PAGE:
Quantcast
Connect with us

Here are 4 unbelievable things Republicans have actually said about the government shutdown

Published

on

- Commentary
Congressman Mark Meadows of North Carolina speaking at the 2016 Conservative Political Action Conference (CPAC) in National Harbor, Maryland. (Gage Skidmore/Flickr)

Friday, January 11 marked the first day of 2019 in which roughly 800,000 federal workers missed a paycheck they would have otherwise received were it not for the partial shutdown of the federal government. Those workers fall into two main categories: (1) workers who have been furloughed, and (2) workers who perform what are considered essential services and must report to work without a definite pay date. Deprived of a paycheck, many of them are wondering how they’re going to pay their bills. But to hear White House economic adviser Kevin Hassett tell it, they are “better off” because of the shutdown.

ADVERTISEMENT

During an interview for “PBS NewsHour,” Hassett asserted, “A huge share of government workers were going to take vacation days, say, between Christmas and New Year’s. And then we have a shutdown, and so, they can’t go to work—and so, then they have the vacation, but they don’t have to use their vacation days. And then they come back, and then, they get their back pay.”

Hassett neglected to mention, of course, that until the shutdown ends, many federal workers won’t have any source of income—although their need to pay rent, buy groceries and pay their utility bills will continue. But Hassett is hardly alone among Republicans when it comes to being painfully out of touch about the economic hardships of others.

Here are some other examples of Republicans making clueless, insensitive or ridiculous statements about the partial government shutdown and all the misery it is causing federal workers in the U.S.

1. Rep. Mark Meadows

Rep. Mark Meadows—the North Carolina Republican who heads the House Freedom Caucus—has urged President Donald Trump not to sign any spending bill that lacks funding for a U.S. border wall. And his attitude is that if federal workers are hurting because of the shutdown, tough—they knew that shutdowns were a possibility when they signed up for government work. “It’s actually part of what you do when you sign up for any public service position,” Meadows callously said.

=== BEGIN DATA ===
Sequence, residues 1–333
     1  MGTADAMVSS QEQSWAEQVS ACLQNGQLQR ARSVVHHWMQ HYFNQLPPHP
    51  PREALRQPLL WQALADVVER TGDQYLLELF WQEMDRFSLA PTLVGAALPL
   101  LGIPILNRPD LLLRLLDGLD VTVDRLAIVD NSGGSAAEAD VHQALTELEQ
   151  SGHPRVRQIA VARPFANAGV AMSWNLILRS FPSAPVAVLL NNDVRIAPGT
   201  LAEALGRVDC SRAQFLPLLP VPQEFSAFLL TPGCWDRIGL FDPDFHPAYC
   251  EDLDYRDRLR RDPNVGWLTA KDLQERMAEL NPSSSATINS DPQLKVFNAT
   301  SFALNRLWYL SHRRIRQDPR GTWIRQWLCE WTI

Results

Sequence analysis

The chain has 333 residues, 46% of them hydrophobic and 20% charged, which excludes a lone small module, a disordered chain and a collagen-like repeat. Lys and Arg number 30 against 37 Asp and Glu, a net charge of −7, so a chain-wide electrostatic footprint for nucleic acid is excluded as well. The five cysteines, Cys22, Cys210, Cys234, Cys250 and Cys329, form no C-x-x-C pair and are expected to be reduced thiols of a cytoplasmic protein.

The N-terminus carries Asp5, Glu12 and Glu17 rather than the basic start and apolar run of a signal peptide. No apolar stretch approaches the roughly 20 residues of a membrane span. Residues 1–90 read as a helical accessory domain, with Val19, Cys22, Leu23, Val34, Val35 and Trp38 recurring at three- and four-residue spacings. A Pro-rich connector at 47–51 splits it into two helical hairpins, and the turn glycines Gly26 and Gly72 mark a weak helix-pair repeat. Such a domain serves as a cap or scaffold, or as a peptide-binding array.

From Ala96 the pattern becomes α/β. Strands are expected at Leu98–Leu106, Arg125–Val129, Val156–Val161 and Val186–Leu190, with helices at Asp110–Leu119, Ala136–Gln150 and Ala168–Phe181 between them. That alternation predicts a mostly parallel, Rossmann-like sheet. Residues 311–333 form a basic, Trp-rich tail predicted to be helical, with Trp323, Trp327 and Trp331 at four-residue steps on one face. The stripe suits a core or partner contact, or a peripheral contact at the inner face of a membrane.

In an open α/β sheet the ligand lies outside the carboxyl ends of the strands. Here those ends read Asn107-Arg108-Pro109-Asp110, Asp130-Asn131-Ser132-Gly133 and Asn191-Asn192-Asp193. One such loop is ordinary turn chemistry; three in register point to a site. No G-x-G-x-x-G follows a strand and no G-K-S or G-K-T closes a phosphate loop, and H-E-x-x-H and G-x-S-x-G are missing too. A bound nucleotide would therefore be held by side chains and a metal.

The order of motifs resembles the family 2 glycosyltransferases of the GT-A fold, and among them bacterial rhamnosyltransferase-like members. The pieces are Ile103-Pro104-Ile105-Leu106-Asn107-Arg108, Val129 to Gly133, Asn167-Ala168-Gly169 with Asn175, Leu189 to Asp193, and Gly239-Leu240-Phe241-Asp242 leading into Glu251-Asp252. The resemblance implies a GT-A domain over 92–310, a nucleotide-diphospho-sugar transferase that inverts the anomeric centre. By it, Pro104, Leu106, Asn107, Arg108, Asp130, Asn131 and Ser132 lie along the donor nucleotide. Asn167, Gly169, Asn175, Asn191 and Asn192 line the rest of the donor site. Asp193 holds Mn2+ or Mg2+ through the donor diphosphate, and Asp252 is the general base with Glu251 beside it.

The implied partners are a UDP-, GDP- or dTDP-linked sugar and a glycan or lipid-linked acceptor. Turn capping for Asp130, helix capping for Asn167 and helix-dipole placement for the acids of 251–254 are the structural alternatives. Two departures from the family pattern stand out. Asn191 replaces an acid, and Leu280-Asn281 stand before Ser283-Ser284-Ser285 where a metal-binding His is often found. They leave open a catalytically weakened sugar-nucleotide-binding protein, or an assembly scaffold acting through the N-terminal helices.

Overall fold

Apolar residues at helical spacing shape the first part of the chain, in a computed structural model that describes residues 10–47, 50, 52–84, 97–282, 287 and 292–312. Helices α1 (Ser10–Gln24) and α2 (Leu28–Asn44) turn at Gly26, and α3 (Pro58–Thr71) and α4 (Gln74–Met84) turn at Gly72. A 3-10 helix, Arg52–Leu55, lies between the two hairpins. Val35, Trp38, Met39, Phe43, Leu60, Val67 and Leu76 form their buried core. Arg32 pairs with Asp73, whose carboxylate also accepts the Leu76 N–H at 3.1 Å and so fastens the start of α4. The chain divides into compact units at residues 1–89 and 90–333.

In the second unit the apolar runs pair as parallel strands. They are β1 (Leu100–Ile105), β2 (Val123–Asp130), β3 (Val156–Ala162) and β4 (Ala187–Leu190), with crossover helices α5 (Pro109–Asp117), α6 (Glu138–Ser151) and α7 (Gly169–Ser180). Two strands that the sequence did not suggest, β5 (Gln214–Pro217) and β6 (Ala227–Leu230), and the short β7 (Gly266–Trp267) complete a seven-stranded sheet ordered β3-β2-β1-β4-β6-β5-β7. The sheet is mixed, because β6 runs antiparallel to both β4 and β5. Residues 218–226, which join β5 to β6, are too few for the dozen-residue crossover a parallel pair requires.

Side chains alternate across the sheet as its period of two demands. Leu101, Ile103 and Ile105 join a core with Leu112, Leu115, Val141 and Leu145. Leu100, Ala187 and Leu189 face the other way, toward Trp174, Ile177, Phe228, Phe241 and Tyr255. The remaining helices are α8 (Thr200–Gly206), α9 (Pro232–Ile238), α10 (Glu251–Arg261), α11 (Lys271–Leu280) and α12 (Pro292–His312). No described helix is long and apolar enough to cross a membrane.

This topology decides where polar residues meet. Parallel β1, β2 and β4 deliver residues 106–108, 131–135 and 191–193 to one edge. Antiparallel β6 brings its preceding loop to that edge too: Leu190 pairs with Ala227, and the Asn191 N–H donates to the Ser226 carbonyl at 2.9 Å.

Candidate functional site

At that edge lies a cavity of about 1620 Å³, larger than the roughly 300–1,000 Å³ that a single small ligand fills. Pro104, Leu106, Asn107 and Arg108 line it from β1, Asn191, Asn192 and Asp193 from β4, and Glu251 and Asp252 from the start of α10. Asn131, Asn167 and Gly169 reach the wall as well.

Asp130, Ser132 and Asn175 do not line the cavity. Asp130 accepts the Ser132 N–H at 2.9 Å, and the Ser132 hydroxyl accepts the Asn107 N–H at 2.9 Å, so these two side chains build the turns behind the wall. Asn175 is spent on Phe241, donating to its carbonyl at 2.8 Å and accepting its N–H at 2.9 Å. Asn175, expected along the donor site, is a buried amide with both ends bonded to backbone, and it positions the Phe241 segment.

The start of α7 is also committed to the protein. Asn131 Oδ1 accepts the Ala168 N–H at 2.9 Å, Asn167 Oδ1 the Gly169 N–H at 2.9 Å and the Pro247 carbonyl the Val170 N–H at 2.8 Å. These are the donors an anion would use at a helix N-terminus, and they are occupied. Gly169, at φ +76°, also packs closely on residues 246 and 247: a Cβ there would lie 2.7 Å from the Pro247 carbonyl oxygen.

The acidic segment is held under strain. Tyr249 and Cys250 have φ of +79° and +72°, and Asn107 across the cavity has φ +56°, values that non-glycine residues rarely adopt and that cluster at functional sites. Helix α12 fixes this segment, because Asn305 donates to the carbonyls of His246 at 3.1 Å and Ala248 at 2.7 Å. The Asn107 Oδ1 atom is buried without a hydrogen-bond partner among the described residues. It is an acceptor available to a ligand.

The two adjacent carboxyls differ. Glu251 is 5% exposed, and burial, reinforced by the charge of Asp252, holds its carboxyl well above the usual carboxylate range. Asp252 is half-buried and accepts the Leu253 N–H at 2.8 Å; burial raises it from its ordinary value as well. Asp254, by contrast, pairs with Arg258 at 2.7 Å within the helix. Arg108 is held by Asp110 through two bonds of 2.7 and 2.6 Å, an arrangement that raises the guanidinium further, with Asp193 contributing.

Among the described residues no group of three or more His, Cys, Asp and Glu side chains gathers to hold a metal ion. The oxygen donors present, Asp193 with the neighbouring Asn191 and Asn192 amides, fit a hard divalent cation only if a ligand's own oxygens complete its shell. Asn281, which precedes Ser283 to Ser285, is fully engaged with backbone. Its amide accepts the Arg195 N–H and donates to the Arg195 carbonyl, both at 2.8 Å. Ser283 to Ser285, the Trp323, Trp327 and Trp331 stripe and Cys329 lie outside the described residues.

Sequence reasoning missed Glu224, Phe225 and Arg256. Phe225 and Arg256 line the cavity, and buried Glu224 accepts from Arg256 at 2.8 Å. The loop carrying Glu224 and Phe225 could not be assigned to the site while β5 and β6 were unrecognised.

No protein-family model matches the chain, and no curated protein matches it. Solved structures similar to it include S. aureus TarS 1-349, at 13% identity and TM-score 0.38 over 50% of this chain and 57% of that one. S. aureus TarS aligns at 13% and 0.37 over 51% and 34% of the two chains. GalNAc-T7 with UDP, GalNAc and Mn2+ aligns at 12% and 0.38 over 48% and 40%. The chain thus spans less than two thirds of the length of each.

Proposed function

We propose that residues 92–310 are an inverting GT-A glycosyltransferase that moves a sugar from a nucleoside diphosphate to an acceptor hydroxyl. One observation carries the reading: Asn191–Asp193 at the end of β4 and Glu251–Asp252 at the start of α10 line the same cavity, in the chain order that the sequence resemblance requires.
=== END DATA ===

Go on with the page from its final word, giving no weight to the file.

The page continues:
2. Rep. Tom Reed

To express their solidarity with federal workers who are suffering because of the shutdown, some members of Congress have volunteered to give up their paychecks. But Rep. Tom Reed of Upstate New York isn’t one of them. When CNN’s Brianna Keilar asked Reed if he would be willing to give up his paycheck, Reed responded, “I just don’t feel it’s appropriate for me to use a P.R. stunt or something along those lines.” In other words, Reed equates expressing sympathy for workers who have been temporarily deprived of income with a “P.R. stunt.”

ADVERTISEMENT

3. Rep. Scott Perry

The fact that some federal workers are living paycheck to paycheck is lost on Rep. Scott Perry, who recently declared, “Who’s living that they’re not going to make it to the next paycheck?” Members of Congress earn six-figure salaries, and unlike other federal workers, they continue to receive their paychecks during shutdowns unless they volunteer not to. But Perry, evidently, fails to realize that it’s much easier to have some savings when one is making six figures than it is if one’s salary is $25,000 per year.